Physicians who care for pregnant women and for infants have struggled for the past several years in weighing evidence regarding the usefulness of various strategies for preventing neonatal group B streptococcal infection. The difficulty in determining the value of these preventive measures reflects information overload and complex cost-benefit analysis, in addition to several other uncertainties faced daily during the course of providing perinatal care.
The issue of the prevention of group B streptococcal infection can be a very emotional one. It has attracted many medical players, as well as the Association of Trial Lawyers of America (ATLA), and has spawned a parents' organization called the Group B Strep Association (GBSA). The involvement of ATLA and GBSA serves to remind physicians that we deal with individual patients who either acquire the disease or do not—infants do not get 70 percent septic. Patients and lawyers do not generally care about who bears the aggregate screening costs involved in identifying or preventing a particular case of the disease at hand.
In an article in this issue, Keenan1 does a thorough job of addressing the evidence supporting screening for group B streptococcal disease and supporting the Centers for Disease Control and Prevention (CDC) consensus recommendations pertaining to perinatal group B streptococcal disease. The CDC recommends intrapartum antibiotic administration based either on intrapartum risk-factor assessment or on the results of screening after 34 weeks' gestation plus intrapartum risk-factor assessment.2 Yet, we know that these approaches cannot prevent all instances of group B streptococcal disease.
No matter what strategy we adopt, we must continue to deal with this nagging anxiety: What legal difficulties will we face if our strategy fails to prevent a case of group B streptococcal infection (as we know it eventually will)? This anxiety is not relieved by browsing the GBSA Web site (http://www.groupb-strep.org). The GBSA Web site contains references from medical and lay sources, a variety of educational links for laypersons and for health care professionals, a legal brief about informed consent related to group B streptococcal disease, and an appeal for legal information and assistance. The latter states: “Each malpractice suit we win gives a greater incentive to those physicians and facilities to begin the routine screening of GBS for their respective patients.”3
We clearly have our educational work cut out for us. The most important reason for this work is to help infants and their parents; a side benefit will be liability reduction. I believe that with a little foresight and organization, prevention of group B streptococcal disease can fit well into our other prenatal and intrapartum screening and treatment plans. I also believe that patients can understand this issue. The efforts we make to foster that understanding will be our best protection against a lawsuit when the inevitable group B streptococcal infection occurs.
First and foremost, we must not ignore the problem. Neonatal group B streptococcal infection is more prevalent than many of the other conditions we screen for in pregnancy, and the effects can be just as devastating. Based on the importance of group B streptococcal infection, there are two possible principles governing our obligation to inform and to care for patients: One is to adhere to the community standard and the other is to provide care that any reasonable patient would want.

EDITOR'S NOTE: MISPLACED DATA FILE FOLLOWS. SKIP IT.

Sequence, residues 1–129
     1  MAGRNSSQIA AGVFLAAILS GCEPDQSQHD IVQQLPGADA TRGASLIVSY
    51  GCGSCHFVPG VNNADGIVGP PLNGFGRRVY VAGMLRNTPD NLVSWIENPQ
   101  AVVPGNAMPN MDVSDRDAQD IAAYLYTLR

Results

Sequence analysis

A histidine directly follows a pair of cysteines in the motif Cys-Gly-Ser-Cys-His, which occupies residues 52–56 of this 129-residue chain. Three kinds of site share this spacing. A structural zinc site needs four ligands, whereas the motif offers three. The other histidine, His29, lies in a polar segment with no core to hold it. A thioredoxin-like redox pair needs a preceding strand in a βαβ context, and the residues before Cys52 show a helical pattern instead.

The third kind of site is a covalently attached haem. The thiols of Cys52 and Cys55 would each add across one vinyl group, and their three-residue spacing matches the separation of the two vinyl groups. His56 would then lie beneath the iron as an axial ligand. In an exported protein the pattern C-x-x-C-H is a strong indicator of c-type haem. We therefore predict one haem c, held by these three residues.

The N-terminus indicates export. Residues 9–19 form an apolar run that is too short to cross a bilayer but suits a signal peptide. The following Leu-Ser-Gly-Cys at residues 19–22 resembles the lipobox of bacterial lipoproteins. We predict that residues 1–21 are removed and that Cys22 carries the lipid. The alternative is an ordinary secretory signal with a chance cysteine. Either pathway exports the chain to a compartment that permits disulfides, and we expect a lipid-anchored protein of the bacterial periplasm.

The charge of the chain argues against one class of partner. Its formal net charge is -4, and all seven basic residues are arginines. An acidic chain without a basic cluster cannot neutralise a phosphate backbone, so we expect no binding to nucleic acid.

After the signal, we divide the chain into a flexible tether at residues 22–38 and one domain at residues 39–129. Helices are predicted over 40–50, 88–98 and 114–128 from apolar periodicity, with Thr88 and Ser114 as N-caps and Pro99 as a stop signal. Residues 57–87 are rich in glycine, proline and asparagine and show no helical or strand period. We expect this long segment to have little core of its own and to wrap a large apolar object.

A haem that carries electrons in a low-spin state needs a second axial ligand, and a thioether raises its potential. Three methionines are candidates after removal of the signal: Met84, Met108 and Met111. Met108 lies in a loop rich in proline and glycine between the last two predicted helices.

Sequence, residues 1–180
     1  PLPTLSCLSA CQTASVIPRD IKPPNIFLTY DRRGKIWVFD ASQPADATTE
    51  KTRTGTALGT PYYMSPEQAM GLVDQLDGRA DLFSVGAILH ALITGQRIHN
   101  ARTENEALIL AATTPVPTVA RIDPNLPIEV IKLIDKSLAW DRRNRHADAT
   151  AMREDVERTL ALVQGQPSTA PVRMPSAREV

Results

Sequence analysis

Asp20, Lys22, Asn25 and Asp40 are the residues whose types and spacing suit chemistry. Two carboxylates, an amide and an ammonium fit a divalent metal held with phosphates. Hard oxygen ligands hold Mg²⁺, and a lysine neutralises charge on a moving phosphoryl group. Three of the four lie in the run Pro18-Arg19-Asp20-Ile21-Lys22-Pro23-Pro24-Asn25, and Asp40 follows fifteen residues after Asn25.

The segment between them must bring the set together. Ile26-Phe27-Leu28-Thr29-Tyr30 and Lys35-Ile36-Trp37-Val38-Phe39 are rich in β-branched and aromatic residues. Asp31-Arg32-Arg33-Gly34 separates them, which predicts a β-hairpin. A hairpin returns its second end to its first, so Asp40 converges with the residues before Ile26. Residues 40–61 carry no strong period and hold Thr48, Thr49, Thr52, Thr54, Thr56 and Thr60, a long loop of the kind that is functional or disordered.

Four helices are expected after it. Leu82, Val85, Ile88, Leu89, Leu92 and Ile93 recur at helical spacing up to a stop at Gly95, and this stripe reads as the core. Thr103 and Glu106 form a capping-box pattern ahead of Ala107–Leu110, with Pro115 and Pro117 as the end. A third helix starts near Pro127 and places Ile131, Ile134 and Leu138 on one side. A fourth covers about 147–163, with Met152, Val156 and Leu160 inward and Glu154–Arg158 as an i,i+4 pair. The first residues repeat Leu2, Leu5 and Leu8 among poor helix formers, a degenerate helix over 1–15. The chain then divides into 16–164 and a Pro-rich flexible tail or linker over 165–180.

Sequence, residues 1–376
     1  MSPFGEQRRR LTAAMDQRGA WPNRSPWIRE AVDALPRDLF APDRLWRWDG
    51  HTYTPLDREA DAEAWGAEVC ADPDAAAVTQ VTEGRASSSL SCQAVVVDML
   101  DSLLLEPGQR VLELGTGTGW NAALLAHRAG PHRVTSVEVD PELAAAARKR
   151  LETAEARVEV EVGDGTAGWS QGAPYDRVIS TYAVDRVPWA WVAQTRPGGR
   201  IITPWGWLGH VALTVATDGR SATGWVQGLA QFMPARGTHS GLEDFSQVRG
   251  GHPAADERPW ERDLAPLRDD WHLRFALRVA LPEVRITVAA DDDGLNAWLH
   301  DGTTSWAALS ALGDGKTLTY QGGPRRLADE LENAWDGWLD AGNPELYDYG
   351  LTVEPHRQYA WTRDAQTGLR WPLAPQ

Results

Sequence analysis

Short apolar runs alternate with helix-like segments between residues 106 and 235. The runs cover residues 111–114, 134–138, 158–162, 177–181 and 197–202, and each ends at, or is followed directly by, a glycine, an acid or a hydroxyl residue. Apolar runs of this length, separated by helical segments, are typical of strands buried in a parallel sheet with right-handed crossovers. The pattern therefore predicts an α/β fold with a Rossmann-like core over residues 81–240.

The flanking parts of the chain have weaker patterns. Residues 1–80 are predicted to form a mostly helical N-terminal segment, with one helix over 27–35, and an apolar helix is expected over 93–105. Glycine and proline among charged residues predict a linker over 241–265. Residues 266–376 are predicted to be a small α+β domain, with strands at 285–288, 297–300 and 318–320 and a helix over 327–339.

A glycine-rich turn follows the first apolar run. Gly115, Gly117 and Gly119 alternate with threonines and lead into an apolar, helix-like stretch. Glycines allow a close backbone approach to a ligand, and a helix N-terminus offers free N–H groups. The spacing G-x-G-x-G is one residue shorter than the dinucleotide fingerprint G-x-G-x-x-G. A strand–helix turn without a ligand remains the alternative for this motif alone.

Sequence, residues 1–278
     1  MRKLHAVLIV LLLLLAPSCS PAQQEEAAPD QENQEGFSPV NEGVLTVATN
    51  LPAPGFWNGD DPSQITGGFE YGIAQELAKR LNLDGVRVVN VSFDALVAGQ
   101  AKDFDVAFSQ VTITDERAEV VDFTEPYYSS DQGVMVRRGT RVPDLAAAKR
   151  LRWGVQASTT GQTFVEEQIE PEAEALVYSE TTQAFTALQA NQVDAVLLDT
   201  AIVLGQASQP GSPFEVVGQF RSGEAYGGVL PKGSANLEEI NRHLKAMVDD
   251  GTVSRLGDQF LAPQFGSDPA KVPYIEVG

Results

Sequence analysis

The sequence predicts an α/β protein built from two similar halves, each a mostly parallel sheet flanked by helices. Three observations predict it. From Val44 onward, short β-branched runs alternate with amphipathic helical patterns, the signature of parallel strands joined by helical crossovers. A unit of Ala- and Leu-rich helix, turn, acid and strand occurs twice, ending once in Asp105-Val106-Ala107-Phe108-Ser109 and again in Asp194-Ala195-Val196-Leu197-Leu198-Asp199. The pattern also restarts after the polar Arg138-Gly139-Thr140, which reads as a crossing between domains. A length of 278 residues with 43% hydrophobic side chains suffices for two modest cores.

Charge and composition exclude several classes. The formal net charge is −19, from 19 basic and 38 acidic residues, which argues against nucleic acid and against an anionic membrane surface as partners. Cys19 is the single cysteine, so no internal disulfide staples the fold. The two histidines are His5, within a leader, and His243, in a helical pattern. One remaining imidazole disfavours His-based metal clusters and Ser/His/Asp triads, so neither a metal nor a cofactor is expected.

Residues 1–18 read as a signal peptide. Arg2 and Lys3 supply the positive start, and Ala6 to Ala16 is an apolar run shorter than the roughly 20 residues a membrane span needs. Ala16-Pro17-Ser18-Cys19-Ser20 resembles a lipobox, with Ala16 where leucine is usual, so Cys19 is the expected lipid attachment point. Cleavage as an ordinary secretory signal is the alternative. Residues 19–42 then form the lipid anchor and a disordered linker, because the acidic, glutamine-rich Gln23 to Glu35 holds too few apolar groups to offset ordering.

Both of these principles can be addressed by two linked steps. First, each practice or care system can develop and document a standard (or reasonable choice of standards) that is supported by current literature or by authoritative clinical guidelines. The CDC consensus recommendations provide some latitude for this, as noted in this editorial and in the article by Keenan.1 Second, inform patients, document that the information has been provided and provide the opportunity for questions, additional information and choices, when choices are appropriate.
Most practices already have developed written patient information about prenatal and intrapartum tests and procedures. Adding a brief explanation of the local approach to group B streptococcal prevention based on CDC recommendations (screening, treatment based on risk factors, or both), reviewing that written information and documenting the interaction will suffice in most cases. The fact is that most patients look to their physicians to help them sort these issues out. For patients requesting more information, the CDC's two-page summary will be appropriate for many.4 It can be retrieved from the CDC Web site (http://www.cdc.gov). Furthermore, this model will serve well when the next screening test or procedure appears, as it most certainly will.
Another issue introduced in the analysis by Keenan warrants some thought and comment. He states: “In non-integrated medical care delivery systems like those of the United States, interorganizational agreements should be negotiated so that the costs of screening are not borne by entities . . . that do not realize the potential financial benefits of lower rates of (intrapartum chemoprophylaxis) and neonatal sepsis.”1 As bizarre as it may seem, there may be budget disputes over who should pay for increased ambulatory costs that benefit the hospital portion of the patient's care. Physicians must advocate for total patient care in these situations and fight against the shifting of such costs to an already stressed ambulatory system.
A consensus on neonatal group B streptococcal prevention has been many years in the making. Current recommendations offer latitude. It is now up to the physicians who provide perinatal care to make sure patients receive the hoped-for benefits. Good communication with patients is the best protection from lawsuits when screening and prevention fail.